Thus, in their book, Katz and Rubin recommend 83 different exercises that use not only the five usual senses -- vision, taste, smell, touch and hearing -- but also what they call the "sixth sense" of emotion.

The authors' criteria for such neurobic exercises are that they: With these criteria, the book divides its list of 83 neurobic exercises into six categories of daily routine:

Starting and Ending the Day. Suggested example: go through your morning hair-combing, tooth-brushing routine using the nondominant hand.

Commuting. Close your eyes as you get into the car, find the keys and start the car.

At work. Make a "sensory cannister" containing such aromatic substances as sage, thyme or cloves and take a whiff when you dial a certain phone number. See if it helps you remember the number.

At the market. Go to new markets such as an ethnic market or a bakery to experience new sights and aromas.

At mealtimes. Share a meal in silence and see how it affects your sensory experience of the food.

At leisure. Go camping or visit a place you've never been.

The aim of neurobics is not to increase intelligence, Katz emphasized.

"Neurobics is not going to make you have the brain of a 20 year old. And it's not going to make you smarter than you were. It's the equivalent of a physical exercise, in that it's designed to keep you mentally fit and able to engage in a wide range of mental activities. It's designed to preserve and firm up your mental capacities not to augment them.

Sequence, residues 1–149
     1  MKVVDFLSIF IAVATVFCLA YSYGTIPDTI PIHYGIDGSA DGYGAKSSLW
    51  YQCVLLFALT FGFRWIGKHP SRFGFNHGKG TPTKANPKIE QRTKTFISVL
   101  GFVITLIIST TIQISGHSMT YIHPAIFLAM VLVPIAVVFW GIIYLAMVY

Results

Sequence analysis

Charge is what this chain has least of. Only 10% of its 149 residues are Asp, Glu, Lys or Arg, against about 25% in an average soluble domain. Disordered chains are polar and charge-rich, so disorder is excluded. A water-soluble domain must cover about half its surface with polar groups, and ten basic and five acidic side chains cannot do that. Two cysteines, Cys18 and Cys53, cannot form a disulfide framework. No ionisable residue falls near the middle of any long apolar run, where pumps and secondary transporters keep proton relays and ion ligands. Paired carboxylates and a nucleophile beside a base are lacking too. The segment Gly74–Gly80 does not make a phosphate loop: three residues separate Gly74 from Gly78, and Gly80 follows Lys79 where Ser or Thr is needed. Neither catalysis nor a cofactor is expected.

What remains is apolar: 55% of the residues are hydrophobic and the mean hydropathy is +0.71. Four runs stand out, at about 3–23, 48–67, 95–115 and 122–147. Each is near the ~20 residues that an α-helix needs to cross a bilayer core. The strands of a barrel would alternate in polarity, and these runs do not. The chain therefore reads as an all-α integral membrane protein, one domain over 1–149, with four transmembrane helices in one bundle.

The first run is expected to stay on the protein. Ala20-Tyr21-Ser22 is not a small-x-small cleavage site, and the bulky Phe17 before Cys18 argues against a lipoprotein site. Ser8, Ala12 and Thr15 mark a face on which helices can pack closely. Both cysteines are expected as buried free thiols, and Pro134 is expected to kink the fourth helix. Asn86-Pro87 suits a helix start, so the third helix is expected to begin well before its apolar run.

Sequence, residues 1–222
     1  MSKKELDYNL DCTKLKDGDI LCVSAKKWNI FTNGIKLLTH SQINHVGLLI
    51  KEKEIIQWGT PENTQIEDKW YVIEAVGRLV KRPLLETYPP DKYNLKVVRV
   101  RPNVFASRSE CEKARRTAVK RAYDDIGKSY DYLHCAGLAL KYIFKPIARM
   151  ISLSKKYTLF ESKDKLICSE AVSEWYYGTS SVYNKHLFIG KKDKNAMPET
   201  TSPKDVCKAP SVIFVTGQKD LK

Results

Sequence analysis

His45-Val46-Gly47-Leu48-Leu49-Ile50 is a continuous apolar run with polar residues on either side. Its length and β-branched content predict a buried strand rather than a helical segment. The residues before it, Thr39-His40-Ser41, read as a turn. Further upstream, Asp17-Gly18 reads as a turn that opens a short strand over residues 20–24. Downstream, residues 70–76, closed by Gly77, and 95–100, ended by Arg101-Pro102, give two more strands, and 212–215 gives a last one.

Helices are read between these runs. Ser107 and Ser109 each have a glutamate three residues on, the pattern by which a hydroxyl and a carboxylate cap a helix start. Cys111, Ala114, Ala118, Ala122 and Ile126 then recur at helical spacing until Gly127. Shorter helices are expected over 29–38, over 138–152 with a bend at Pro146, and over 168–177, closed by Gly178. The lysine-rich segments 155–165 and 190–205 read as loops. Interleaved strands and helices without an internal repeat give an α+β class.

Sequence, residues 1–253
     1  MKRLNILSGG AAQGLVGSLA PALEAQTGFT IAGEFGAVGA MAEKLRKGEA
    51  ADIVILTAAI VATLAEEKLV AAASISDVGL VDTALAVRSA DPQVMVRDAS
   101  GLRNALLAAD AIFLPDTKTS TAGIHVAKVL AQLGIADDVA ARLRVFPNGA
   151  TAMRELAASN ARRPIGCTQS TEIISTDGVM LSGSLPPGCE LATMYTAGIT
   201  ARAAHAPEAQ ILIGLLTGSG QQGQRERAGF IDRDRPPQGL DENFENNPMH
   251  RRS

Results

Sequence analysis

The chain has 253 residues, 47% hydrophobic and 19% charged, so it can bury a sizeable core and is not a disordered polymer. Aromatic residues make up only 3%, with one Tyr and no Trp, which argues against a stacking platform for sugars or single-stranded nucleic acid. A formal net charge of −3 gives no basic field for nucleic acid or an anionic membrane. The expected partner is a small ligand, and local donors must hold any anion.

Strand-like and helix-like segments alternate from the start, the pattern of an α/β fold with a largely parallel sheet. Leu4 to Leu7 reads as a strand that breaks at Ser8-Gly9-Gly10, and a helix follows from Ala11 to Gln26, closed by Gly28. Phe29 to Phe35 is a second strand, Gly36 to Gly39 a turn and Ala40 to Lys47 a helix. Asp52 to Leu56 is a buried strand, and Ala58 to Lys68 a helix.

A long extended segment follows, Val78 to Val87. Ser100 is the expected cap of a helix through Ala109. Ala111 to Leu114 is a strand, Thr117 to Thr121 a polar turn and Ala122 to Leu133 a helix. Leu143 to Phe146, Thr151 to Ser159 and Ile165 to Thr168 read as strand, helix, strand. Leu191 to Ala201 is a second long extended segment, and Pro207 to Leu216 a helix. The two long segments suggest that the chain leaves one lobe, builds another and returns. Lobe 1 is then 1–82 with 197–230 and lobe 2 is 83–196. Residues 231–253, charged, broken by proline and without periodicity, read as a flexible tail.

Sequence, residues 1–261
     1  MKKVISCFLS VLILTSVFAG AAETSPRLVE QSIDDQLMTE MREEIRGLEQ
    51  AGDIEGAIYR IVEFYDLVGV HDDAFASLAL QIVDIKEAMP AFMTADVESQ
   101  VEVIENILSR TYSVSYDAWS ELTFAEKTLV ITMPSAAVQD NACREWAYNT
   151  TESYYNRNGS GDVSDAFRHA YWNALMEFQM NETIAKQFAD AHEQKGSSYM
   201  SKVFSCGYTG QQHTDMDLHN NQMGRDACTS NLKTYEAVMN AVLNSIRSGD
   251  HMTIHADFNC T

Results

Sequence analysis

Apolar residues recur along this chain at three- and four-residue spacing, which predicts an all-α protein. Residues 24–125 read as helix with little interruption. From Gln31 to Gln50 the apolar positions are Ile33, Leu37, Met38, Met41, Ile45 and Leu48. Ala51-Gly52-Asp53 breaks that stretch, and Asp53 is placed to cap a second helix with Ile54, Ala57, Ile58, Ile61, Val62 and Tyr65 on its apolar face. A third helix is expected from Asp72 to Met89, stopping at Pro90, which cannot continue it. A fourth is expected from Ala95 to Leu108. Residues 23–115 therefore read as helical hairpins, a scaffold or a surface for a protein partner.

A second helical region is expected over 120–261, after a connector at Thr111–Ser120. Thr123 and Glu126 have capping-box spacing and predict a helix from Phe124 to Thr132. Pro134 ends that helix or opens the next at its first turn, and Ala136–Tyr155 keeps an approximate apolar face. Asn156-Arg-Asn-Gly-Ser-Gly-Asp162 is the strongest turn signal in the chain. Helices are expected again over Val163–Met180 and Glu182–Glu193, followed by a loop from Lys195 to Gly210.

"It may open up new avenues for your thought processes. It may give you a richer net of connectivity within your brain, so that you have more possible avenues for solving problems and thinking creatively, and even just remembering things," he said.

"It may also allay some of your fears about aging because you're doing something about it; you're doing something that actively engages your brain."

As evidence that such neurobic "cross-training" can be a powerful, natural mental stimulant, Katz cites the compelling memories evoked by mere smells.

"A good example is the association of the smell of roses with romance. We may not remember when we made that association, but it just happened at some time, and it stays with us.

"Or when you learn to associate the smell of leaves with autumn, which brings back all these unconscious associations with the feel and colors of dry leaves, of apple-picking, of going back to school. It just comes back like that. And you've made all these associations by just living. Just experiencing life fully is good for the brain, Katz said.

"For example, if you go on a trip to Europe, don't spend your time sitting on a tour bus, sleeping in an American-style hotel and eating at McDonald's. Instead, rent a car, figure out the roads and drive to a small town where you don't speak the language, and stay in a local bed-and-breakfast and try weird foods."

"That is brain exercise," Katz said. "That is a neurobic experience."
Note to editors: To obtain a review copy of Keep Your Brain Alive, contact Meghan Rowe at Workman Publishing Co., 212-614-7505. E-mail:

Duke University